Players learn skills to earn money.

Money is used to improve a player’s residence.

Players can establish relationships.

Simple and effective chat

Working with others helps to increase skill and money.

Friendship Web is used to track others.

 

3.2 An Analysis of Successful Features

 

3.2.1 Transplanting PC Games into Online Games

 

To transplant PC games into online games has become one successful business model of game development among which Sims Online is one of the successful cases.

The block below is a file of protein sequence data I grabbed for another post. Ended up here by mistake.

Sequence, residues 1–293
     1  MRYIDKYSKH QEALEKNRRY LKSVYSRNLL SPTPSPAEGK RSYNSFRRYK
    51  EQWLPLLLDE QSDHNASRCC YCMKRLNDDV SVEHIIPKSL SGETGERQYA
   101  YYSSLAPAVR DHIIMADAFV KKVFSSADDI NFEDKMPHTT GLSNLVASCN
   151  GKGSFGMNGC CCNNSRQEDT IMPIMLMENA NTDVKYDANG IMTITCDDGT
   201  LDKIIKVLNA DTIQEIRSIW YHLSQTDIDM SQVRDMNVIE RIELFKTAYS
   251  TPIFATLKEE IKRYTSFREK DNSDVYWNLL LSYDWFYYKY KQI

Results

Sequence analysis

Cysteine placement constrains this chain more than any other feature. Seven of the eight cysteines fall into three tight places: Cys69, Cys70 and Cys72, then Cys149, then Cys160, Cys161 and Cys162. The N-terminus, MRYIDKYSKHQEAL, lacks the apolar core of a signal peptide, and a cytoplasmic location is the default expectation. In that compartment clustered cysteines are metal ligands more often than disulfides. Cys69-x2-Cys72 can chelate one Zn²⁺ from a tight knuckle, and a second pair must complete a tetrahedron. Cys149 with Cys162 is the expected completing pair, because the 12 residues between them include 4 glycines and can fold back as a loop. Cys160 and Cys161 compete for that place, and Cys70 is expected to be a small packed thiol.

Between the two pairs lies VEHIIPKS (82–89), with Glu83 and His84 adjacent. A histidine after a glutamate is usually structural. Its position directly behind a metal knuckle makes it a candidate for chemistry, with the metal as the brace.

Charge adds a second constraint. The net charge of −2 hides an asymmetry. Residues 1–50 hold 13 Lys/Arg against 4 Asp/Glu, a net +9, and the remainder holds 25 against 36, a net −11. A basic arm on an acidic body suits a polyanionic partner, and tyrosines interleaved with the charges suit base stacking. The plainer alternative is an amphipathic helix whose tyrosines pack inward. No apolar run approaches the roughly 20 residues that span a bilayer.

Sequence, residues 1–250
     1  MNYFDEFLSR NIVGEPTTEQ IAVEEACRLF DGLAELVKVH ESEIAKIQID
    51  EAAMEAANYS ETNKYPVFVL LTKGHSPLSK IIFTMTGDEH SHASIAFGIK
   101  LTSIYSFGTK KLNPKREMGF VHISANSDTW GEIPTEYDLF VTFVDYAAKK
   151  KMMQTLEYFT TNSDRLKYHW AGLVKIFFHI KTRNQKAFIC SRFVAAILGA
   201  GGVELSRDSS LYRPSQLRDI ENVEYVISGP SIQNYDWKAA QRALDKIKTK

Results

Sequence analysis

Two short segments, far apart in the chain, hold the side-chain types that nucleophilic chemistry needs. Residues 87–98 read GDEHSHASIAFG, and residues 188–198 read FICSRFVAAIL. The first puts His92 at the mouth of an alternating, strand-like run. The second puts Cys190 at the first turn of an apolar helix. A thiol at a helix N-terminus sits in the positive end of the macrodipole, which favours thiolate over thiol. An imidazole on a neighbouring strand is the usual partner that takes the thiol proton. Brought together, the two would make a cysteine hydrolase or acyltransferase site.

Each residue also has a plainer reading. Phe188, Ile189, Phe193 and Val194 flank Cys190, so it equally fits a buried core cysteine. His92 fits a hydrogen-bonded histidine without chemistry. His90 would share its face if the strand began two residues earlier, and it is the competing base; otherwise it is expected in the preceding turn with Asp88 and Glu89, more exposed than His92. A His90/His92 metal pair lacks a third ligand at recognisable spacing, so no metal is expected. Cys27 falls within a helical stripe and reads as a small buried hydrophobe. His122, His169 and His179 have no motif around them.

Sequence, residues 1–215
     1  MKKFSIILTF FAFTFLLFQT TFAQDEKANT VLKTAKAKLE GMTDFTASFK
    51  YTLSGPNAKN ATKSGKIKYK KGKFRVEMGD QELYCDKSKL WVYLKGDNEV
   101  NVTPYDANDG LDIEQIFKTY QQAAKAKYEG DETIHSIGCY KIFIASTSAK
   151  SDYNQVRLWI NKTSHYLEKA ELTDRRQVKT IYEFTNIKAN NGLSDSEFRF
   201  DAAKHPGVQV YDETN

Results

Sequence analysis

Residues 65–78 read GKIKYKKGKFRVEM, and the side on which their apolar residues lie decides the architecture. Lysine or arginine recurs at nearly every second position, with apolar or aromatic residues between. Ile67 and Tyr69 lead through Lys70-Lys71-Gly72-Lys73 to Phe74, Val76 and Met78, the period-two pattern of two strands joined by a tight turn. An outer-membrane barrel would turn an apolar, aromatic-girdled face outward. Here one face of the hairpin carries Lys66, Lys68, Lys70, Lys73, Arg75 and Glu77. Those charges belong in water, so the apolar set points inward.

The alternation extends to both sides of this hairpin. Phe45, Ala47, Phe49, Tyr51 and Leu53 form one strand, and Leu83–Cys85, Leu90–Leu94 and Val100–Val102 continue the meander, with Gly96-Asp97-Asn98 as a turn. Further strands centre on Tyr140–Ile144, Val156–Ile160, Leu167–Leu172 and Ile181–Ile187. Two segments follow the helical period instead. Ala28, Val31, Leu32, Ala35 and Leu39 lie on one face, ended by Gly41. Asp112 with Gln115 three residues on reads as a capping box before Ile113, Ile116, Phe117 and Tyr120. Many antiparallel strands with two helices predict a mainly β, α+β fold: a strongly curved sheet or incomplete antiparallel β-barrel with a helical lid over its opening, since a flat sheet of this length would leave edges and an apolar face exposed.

Sims Online is an online adaptation of the popular The Sims Life Simulation and many changes have been made to better acclimatize the game for online play. In the single PC game The Sims, players are placed in a supervising position where they had to observe and effect their characters environment and lifestyle choices. The online version places focus on developing an individual in a social setting. In the game, players are given the ability to live a virtual life and interact with others through an online system of social interaction. The in-game characters are no longer affected by choices made, but rather controllable and much more representative of the individual players

 

3.2.2 Unique Gameplay